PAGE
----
Sunday, January 29, 2012

Under the Dome

This excellent thousand-pager from Stephen King is both epic and somehow cozy. It's high concept premise: an entire town--Chester's Mill, Maine--is mysteriously encased in a huge, impermeable dome, sealed from outside help, its inhabitants unable to escape. All sorts of grisliness ensues as King dispatches with abandon his town's denizens. There's a typical King hero, a man named Barbie, and an excellent King villain, a self-righteous Christian named Big Jim Rennie, who is incredibly nasty while thinking he's the hero of the story.

Most of all, though, this is King's most political novel, working as an allegory for everything that's wrong with modern America, post 9/11. Its themes: the environment, homeland security, American imperialism, Christian doctrine, individual freedoms, the Press, to name a few. But most of all this book turns out to be about the importance of pity, more important in the modern world than love.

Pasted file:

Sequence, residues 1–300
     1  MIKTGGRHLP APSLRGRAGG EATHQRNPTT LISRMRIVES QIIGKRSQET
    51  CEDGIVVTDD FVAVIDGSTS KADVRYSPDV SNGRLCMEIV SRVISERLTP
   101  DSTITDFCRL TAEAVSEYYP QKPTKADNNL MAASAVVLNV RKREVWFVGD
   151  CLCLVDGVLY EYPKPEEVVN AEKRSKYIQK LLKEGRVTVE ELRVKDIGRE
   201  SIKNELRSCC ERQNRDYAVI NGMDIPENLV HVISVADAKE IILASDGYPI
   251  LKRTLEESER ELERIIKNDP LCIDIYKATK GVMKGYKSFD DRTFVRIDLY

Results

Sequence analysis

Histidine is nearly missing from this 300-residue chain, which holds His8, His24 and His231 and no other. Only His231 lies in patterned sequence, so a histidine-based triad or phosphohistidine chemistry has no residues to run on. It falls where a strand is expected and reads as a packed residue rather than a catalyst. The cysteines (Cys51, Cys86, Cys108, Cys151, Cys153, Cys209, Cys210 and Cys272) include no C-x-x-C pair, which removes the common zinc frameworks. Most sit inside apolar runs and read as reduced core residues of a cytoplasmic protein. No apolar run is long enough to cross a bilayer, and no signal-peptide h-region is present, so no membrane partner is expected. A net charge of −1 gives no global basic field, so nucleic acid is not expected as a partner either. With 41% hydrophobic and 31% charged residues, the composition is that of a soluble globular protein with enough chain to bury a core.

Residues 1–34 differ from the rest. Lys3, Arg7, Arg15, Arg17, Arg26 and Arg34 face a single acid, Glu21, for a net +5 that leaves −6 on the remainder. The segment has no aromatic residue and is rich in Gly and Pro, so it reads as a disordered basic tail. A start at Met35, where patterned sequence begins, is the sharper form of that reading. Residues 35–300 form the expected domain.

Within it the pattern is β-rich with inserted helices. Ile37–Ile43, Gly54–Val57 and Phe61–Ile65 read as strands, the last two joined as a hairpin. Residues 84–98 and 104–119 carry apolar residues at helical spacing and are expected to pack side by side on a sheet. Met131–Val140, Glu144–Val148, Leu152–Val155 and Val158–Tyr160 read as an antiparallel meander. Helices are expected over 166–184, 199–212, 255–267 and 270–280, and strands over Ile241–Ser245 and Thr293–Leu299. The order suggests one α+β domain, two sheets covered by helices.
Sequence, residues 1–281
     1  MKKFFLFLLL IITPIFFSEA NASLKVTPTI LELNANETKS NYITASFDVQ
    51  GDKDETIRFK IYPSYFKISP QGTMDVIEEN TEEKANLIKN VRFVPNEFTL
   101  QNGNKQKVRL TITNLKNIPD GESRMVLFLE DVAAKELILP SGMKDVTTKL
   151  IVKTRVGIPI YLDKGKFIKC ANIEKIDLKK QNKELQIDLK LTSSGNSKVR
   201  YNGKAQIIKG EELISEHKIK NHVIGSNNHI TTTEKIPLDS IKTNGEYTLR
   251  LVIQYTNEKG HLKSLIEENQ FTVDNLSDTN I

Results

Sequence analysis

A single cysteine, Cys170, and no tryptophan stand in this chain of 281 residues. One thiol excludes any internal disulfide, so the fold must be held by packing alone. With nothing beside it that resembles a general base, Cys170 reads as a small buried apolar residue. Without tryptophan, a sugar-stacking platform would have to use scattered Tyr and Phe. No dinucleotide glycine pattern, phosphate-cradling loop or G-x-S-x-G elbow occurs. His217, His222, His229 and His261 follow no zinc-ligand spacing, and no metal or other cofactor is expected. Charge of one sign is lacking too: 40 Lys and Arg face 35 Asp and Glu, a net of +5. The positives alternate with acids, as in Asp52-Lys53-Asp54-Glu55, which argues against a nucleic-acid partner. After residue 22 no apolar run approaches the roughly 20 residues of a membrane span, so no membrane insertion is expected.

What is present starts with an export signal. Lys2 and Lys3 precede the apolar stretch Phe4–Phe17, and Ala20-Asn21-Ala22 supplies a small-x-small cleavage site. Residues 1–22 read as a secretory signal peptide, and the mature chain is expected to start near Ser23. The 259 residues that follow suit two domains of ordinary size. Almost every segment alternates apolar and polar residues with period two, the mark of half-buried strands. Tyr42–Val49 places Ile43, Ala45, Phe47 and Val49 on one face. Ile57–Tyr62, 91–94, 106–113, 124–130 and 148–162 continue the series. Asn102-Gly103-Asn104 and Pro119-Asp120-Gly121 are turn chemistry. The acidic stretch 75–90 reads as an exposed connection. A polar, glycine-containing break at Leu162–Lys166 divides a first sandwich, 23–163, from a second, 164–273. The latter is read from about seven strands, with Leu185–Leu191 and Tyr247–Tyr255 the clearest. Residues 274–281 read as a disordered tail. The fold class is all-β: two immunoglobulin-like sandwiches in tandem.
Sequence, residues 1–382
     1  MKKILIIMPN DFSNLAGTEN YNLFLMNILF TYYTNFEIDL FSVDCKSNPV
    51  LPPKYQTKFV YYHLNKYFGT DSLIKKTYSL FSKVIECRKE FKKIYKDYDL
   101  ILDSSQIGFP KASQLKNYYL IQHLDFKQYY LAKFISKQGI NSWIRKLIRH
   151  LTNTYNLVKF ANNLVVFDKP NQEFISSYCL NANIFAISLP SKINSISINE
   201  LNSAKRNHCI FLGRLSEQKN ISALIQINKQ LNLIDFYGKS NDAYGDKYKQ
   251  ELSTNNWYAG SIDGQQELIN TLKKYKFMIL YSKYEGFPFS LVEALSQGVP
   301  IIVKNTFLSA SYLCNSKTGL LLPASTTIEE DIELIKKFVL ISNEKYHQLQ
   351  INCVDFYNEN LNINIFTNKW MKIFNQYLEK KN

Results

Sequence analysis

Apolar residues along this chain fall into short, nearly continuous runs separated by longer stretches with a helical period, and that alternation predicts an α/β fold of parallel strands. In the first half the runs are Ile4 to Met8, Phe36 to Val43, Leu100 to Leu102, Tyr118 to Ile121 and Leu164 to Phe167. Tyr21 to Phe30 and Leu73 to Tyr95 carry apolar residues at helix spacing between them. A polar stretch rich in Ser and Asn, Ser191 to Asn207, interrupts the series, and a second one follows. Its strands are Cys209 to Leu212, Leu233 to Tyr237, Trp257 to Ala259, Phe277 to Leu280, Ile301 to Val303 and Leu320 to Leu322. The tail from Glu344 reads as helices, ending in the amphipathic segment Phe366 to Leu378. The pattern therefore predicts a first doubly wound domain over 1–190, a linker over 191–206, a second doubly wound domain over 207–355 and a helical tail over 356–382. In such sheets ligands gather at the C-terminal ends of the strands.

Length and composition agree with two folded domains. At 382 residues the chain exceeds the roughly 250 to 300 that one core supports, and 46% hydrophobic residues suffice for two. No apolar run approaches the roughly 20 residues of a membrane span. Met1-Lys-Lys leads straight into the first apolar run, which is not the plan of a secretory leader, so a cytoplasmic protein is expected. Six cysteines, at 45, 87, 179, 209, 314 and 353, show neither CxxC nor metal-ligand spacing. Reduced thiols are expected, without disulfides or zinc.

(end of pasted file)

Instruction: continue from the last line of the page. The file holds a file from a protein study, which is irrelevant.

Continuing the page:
I remember King, a massive fan of Lost, imploring the writers to create an ending that explained everything that happened. He said he knew that they'd be crucified for it but it was the honest way to go. He was right, and the ending of this book, the explanation of the events, is not quite as riveting as its premise. But how could it be? King provides an ending, and that's the important thing.


  1. This book's been sat on my shelf for a while now Pete. It's that whole thousand-page thing that's been putting me off. Sounds like I should reconsider...

  2. Definitely read it Uke. A good book for long winter nights.